“We didn’t flip Georgia Blue for Biden to air strike Syria,” left-wing activist Ja’Mal Green tweeted. “We flipped Georgia Blue for our $2,000 Stimulus Checks.”
“And for $15 minimum wage,” he wrote. “And for $50,000 of student loan debt to be canceled.”
The two Georgia Senate races shifted the Senate to Democratic control after Kamala Harris was sworn in as vice president on Jan. 20, giving the party the White House and majorities in both chambers of Congress.
For liberals, this was a sobering reminder that Democrats have only razor-thin margins in each chamber, especially compared to their majorities when former Presidents Bill Clinton and Barack Obama took office, and that, on some issues, there are countervailing voices inside the new administration.
“[House Speaker Nancy] Pelosi, [Senate Majority Leader Chuck] Schumer, and Biden need to be perfect,” Democratic strategist Rodell Mollineau said of passing legislation through the 50-50 Senate and closely divided House.
The Senate parliamentarian ruled that budget reconciliation could not be used to increase the minimum wage, effectively raising the number of votes required for passage from a simple majority of 51 to the 60 necessary to end a filibuster.
“We will not be deterred by an archaic Senate process that throughout history has been used to delay or deny progress for Black and brown communities while allowing multi-trillion-dollar tax cuts for corporations,” said Maribel Cornejo of the Fight for 15 group in a statement provided to the Washington Examiner. “Winning elections means talking to voters about the issues that matter to their lives and then delivering on those promises. Voters don’t want to hear excuses about process, procedures or parliamentarians.”
The minimum wage hike was a top priority for liberals, some of whom hold out hope that Harris will overrule the Senate parliamentarian. Biden’s Syria strikes also elicited liberal blowback.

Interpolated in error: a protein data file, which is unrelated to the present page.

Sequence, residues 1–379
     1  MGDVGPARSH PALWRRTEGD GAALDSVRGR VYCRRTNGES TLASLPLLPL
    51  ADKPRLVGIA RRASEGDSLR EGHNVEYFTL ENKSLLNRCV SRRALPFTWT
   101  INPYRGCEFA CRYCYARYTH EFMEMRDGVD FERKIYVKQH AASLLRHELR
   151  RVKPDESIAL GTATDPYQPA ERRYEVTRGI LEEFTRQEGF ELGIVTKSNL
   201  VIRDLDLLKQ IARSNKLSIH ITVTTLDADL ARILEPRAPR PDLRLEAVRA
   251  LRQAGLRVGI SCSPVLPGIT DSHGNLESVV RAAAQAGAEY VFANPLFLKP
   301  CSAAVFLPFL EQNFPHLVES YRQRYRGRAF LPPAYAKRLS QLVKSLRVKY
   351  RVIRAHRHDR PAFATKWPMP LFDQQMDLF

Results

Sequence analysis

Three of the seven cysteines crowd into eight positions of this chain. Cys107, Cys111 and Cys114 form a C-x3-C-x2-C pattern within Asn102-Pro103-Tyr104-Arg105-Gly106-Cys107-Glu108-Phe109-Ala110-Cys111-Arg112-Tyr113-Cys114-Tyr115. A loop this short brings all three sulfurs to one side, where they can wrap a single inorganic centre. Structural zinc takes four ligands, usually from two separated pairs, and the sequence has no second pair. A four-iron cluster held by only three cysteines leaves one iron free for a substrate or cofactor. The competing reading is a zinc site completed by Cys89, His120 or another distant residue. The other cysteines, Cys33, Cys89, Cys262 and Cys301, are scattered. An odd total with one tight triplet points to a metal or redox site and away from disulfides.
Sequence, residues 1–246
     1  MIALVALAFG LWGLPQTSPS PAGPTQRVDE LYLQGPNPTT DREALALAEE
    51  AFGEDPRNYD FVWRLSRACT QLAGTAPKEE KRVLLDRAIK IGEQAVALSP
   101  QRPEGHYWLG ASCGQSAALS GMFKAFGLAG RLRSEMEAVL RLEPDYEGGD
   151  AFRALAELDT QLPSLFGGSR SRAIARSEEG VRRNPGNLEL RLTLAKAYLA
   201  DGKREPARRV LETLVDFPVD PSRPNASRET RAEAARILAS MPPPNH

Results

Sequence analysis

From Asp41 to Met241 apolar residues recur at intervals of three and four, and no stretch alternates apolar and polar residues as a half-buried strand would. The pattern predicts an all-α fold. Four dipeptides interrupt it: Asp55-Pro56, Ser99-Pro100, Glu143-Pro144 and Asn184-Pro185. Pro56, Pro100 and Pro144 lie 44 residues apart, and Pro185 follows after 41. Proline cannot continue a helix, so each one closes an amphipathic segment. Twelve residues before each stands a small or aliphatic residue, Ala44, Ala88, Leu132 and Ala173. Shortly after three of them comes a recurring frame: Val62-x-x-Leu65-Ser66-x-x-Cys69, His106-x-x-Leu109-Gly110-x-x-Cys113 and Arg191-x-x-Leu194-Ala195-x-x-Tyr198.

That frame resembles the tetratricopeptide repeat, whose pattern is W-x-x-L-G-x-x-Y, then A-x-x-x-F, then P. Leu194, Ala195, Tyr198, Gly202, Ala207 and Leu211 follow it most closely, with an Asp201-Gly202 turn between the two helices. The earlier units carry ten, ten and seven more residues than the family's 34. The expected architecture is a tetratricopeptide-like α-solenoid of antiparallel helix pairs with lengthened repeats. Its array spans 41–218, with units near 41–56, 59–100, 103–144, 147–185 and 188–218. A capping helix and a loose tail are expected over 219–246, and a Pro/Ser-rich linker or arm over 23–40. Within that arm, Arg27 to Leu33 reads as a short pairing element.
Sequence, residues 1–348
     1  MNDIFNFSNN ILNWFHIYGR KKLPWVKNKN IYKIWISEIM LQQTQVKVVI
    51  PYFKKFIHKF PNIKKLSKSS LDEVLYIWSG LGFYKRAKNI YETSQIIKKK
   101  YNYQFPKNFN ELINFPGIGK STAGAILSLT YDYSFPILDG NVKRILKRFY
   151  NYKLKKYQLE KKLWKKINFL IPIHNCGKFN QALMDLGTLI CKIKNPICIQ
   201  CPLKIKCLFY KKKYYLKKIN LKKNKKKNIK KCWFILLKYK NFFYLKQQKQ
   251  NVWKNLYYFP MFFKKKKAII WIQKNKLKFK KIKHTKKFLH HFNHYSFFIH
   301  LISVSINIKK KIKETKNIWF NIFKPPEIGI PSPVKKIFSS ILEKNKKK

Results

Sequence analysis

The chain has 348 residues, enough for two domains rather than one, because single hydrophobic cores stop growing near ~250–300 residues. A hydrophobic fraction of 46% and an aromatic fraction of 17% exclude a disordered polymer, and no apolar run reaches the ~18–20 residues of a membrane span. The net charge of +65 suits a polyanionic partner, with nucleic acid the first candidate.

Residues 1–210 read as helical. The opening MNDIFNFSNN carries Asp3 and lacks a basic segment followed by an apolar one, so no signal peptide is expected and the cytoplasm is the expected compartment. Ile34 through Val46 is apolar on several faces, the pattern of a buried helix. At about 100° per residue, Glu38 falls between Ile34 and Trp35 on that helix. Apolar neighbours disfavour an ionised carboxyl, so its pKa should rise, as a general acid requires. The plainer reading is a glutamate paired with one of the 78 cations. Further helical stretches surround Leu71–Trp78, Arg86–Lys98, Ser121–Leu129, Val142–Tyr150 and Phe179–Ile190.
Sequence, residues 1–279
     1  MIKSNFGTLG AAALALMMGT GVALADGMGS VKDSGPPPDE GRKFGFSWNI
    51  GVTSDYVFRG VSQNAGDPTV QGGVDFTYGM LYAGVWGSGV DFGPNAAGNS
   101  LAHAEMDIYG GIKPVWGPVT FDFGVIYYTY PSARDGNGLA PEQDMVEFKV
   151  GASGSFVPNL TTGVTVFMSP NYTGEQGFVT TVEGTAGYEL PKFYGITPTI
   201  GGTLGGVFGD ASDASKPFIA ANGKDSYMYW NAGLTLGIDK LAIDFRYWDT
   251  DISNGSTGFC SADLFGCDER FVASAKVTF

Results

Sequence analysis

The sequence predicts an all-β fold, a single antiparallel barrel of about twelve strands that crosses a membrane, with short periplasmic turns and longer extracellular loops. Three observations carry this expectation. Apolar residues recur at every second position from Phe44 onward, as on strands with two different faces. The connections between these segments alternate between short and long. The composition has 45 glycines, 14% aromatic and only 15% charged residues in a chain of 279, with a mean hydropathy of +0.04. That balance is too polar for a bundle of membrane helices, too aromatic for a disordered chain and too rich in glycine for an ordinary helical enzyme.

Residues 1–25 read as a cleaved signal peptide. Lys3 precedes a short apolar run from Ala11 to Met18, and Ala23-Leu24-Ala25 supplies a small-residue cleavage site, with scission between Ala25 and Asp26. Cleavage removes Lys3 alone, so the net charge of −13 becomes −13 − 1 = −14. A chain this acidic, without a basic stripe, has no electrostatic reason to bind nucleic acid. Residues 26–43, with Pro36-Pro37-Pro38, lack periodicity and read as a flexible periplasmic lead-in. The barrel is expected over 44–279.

“This makes President Biden the seventh consecutive U.S. president to order strikes in the Middle East,” Rep. Ro Khanna, a California Democrat, said in a statement. “There is absolutely no justification for a president to authorize a military strike that is not in self-defense against an imminent threat without congressional authorization.”
“Offensive military action without congressional approval is not constitutionally absent extraordinary circumstances,” added Virginia Sen. Tim Kaine.
The Biden administration claimed the strikes were necessary because Iranian proxies have been firing rockets at forces battling the Islamic State outside Iraq.
“President Biden will act to protect American and Coalition personnel,” Pentagon spokesman John Kirby said in a statement.
“The president is sending an unambiguous message that when threats are posed, he has the right to take an action at the time and in the manner of his choosing,” White House press secretary Jen Psaki told reporters on Friday. “He also is going to take those actions in a manner that's deliberative and that has the objective of de-escalating activity in both Syria and Iraq.”